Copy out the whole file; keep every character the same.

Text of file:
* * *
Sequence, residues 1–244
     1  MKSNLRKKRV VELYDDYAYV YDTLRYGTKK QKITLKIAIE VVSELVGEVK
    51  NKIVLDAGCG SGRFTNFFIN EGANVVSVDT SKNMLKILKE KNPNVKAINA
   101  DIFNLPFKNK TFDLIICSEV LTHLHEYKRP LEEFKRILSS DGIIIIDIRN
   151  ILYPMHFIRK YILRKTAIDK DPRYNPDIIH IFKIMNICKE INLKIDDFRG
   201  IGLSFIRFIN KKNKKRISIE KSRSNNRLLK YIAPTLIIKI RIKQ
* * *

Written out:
Sequence, residues 1–244
     1  MKSNLRKKRV VELYDDYAYV YDTLRYGTKK QKITLKIAIE VVSELVGEVK
    51  NKIVLDAGCG SGRFTNFFIN EGANVVSVDT SKNMLKILKE KNPNVKAINA
   101  DIFNLPFKNK TFDLIICSEV LTHLHEYKRP LEEFKRILSS DGIIIIDIRN
   151  ILYPMHFIRK YILRKTAIDK DPRYNPDIIH IFKIMNICKE INLKIDDFRG
   201  IGLSFIRFIN KKNKKRISIE KSRSNNRLLK YIAPTLIIKI RIKQ